The 2015 Oscars Played It Safe, Even as Winners Protested

A dull ceremony with few surprises was livened by passionate, activist speeches.

Jordan Strauss/Invision/AP/The Atlantic

A largely predictable night at the Oscars Sunday ended in triumph for Birdman, a deeply introspective showbusiness satire set in a Broadway theater, which won trophies for Best Picture, Director, Original Screenplay and Cinematography. But despite a clunky hosting job by Neil Patrick Harris and a near-total lack of upset winners, the ceremony was charged with a surprising sense of activism. Several electrifying speeches brought the Hollywood audience to its feet after an awards season fraught with controversy over the Academy’s failure to nominate a remotely diverse slate of artists.

In a way, that mood made Birdman’s sweep of the top categories seem slightly unusual—of all the films nominated for Best Picture, it probably had the least to say about the world outside of the moviemaking bubble. But Birdman’s success was in keeping with the overall pattern this year. The most surprising winner of the night was Big Hero 6, which took the Best Animated Feature prize—and given that it was produced by Disney, that could hardly be categorized as a shocker.

Among the favorites who collected trophies: Eddie Redmayne (Best Actor) for playing Stephen Hawking in The Theory of Everything; Julianne Moore (Best Actress) for her work as an Alzheimer’s-stricken professor in Still Alice; J.K. Simmons (Best Supporting Actor) as the tyrannical jazz instructor in Whiplash; and Patricia Arquette (Best Supporting Actress) as the warm, often besieged mother of Boyhood. The Alan Turing biopic The Imitation Game collected a consolation trophy for Best Adapted Screenplay; Wes Anderson’s dark work of whimsy The Grand Budapest Hotel cleaned up in the technical categories, and one of the most talked-about films of the year, Ava DuVernay’s Martin Luther King biopic Selma, won for its song “Glory,” sending musicians Common and John Legend to the podium after a powerful, beautifully-staged performance.

Selma was nominated only for Best Picture and Best Original Song, a snub that prompted intense criticism, partially because this year’s nominees were particularly lacking in diversity. The furor could be felt in the reaction to Common and Legend’s win, which moved many in the audience to tears. “We live in the most incarcerated country in the world,” Legend said in his acceptance. “There are more black men under correctional control today than there were under slavery in 1850.” It felt like the most momentous win of the night, coming halfway into an interminable ceremony; still, it was hard not to wonder where this enthusiasm had been when nomination ballots were cast.

John Shearer/Invision/AP

Legend's activist bent wasn't unique: Arquette’s acceptance speech called for “wage equality once and for all and equal rights for women in the United States of America,” prompting cheers from fellow nominee Meryl Streep. The Imitation Game writer Graham Moore spoke of attempting suicide as a teenager and the need to embrace each other’s differences. Birdman director Alejandro González Iñárritu called for better treatment of Mexican immigrants in the United States.

It isn't unusual for an Oscar ceremony to feature moments of political activism from its winners, nor is Hollywood shy about patting itself on the back for rewarding projects, and filmmakers, who confront worthy issues. But this year's ceremony still felt especially attuned in this regard. It helped that the proceedings themselves were the most dull and plodding in years—not the catastrophic trainwreck of James Franco and Anne Hathaway in 2011, nor the embarrassingly sophomoric work done by Seth MacFarlane in 2013, but perhaps less memorable, nonetheless.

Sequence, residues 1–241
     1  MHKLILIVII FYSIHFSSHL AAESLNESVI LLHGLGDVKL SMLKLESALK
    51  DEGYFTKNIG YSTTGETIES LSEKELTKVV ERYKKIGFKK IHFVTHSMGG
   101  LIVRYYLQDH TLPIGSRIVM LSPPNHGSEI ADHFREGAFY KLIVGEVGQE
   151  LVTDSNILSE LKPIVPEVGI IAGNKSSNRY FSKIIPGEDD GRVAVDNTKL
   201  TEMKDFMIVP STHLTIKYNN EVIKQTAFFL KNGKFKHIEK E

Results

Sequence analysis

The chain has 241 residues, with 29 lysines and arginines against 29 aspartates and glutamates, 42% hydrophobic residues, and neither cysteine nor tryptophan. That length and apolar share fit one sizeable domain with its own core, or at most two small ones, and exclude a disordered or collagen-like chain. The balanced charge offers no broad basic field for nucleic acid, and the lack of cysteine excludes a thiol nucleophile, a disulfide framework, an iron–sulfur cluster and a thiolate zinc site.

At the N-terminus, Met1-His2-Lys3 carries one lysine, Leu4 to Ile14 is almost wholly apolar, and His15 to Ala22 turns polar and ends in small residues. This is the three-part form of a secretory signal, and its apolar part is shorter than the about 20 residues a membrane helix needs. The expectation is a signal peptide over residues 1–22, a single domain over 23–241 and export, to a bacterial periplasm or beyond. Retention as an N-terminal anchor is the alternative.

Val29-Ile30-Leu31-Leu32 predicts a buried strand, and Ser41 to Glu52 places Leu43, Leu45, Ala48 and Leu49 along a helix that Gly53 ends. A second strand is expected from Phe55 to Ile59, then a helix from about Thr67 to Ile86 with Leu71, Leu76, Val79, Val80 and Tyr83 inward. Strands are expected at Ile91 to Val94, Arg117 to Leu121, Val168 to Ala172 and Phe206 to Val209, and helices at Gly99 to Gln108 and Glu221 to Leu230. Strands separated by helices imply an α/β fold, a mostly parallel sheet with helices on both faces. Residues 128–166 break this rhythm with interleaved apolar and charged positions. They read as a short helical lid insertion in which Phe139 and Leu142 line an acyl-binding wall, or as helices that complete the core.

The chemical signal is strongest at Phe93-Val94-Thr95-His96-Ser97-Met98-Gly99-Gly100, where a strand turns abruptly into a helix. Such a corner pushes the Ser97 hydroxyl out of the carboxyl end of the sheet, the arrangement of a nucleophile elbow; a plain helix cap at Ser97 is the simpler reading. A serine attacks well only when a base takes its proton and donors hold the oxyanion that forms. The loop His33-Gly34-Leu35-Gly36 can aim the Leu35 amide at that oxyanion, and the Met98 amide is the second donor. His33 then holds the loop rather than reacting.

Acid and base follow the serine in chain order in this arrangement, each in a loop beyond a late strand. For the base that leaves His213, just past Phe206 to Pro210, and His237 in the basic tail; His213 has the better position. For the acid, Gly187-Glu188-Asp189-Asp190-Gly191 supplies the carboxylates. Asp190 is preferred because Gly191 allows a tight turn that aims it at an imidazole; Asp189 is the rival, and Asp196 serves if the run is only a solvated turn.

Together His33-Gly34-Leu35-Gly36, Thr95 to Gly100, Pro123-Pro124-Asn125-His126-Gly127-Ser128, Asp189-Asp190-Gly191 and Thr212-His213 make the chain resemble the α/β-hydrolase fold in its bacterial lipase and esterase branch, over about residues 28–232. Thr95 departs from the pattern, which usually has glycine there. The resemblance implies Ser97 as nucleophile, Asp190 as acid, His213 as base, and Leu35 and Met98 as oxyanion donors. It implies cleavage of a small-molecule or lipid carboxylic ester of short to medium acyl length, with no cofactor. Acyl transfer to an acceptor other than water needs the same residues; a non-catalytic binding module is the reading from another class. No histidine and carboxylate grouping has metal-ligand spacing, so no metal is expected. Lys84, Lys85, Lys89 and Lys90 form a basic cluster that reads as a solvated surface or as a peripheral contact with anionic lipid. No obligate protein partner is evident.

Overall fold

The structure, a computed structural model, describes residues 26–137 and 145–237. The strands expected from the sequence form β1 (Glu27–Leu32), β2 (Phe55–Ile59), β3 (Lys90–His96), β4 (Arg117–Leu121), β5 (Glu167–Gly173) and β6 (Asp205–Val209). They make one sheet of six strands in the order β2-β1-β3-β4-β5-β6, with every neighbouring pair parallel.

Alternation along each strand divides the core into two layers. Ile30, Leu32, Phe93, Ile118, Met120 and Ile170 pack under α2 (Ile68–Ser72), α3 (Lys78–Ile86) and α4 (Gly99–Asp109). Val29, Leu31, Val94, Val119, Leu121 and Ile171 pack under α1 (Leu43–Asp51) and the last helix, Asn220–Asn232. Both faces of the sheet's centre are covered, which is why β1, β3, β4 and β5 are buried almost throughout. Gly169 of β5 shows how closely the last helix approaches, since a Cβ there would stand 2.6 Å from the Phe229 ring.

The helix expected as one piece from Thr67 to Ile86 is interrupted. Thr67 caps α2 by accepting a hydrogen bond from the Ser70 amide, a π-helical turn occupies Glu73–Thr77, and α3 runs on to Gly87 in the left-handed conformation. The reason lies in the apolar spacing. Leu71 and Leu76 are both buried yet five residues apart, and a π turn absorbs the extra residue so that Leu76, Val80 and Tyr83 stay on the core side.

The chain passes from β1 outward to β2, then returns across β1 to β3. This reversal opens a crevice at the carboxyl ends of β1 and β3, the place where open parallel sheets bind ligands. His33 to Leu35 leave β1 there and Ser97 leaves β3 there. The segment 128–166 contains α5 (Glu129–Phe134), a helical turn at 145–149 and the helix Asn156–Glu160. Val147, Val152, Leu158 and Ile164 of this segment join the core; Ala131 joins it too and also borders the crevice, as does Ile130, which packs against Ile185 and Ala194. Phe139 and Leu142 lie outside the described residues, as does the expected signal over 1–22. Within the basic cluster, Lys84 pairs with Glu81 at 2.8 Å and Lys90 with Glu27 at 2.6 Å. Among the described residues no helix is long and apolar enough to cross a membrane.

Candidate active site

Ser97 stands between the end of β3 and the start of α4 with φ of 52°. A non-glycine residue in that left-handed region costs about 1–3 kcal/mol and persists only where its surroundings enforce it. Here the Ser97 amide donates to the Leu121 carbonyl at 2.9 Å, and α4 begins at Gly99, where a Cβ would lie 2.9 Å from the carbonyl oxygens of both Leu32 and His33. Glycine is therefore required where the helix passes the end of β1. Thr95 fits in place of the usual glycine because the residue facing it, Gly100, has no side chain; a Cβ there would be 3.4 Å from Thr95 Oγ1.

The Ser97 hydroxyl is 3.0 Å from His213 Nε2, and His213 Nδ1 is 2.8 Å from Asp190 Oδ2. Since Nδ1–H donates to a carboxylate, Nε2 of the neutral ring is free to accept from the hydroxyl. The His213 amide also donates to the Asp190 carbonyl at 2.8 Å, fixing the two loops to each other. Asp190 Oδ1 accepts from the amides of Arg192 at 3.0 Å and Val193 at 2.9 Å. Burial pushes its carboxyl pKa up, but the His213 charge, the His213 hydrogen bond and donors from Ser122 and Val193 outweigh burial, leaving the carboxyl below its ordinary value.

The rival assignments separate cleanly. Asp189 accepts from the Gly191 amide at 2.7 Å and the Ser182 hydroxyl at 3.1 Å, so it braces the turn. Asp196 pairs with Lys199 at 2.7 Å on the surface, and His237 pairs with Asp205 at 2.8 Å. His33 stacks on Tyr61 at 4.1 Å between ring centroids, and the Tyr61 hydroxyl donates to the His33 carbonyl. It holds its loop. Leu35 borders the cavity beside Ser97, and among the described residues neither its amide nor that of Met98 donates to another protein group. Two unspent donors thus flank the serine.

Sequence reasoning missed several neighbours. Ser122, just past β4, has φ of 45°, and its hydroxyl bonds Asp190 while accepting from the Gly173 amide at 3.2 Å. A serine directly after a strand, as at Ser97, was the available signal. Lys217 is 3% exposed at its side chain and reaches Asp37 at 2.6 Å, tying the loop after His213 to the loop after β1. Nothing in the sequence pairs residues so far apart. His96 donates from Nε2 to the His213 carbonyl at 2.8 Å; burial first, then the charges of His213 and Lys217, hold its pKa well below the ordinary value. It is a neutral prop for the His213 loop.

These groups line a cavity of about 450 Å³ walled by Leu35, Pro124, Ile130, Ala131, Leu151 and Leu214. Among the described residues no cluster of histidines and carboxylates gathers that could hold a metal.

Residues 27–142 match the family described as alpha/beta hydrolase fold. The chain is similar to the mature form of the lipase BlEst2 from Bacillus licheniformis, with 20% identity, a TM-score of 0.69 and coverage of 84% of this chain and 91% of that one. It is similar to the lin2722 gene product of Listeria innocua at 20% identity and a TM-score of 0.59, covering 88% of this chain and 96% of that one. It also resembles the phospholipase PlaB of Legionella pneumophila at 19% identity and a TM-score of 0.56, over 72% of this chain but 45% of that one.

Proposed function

Harris, whose hosting chops are finely tuned from repeat trips to the Tonys and Emmys, opened with a typically well-executed musical number but never maintained the momentum. His monologue was largely free of jokes and relied on convoluted bits or awkward banter with the audience: A recurring joke revolving around the host's “Oscar predictions,” sealed in a locked box, grew ever more grating as the night dragged on. Other than that, Harris didn’t have anything close to the kind of charisma Ellen DeGeneres managed to work into her duties last year, whether via star-studded selfies or pizza interludes.

There were moments of serious flair—the musical acts Tegan and Sara and the Lonely Island livened things up during a performance of The Lego Movie’s “Everything is Awesome” early on, and a tribute to The Sound of Music sung by Lady Gaga was appreciably grand and capped by a speech from Julie Andrews herself. And awards nerds were gratified by the fact that some truly deserving longtime Oscars bridesmaids finally won a trophy—Julianne Moore on her fifth try, and composer Alexandre Desplat on his eighth for The Grand Budapest Hotel.

But Birdman’s sweep to victory, over the initial favorite, Boyhood, capped a long run at the Oscars’ various precursors (particularly the guild awards) that tipped prognosticators off to its looming success. Boyhood’s win would have marked a truly remarkable moment in the history of American indie filmmaking, but its director Richard Linklater didn’t even collect a sympathy trophy. Birdman’s undeniable visual verve and coterie of solid performances no doubt helped it over the line, but the biggest hand in its victory was probably its subject matter—the question of just what exactly constitutes authentic artistry when it comes up against the machinery of Hollywood and the dizzying heights of fame. The Oscars always love a picture about the pictures—as with recent winners Argo and The Artist—but this victory, and this ceremony, marked a real missed opportunity to look beyond the echo chamber inside the Dolby Theatre.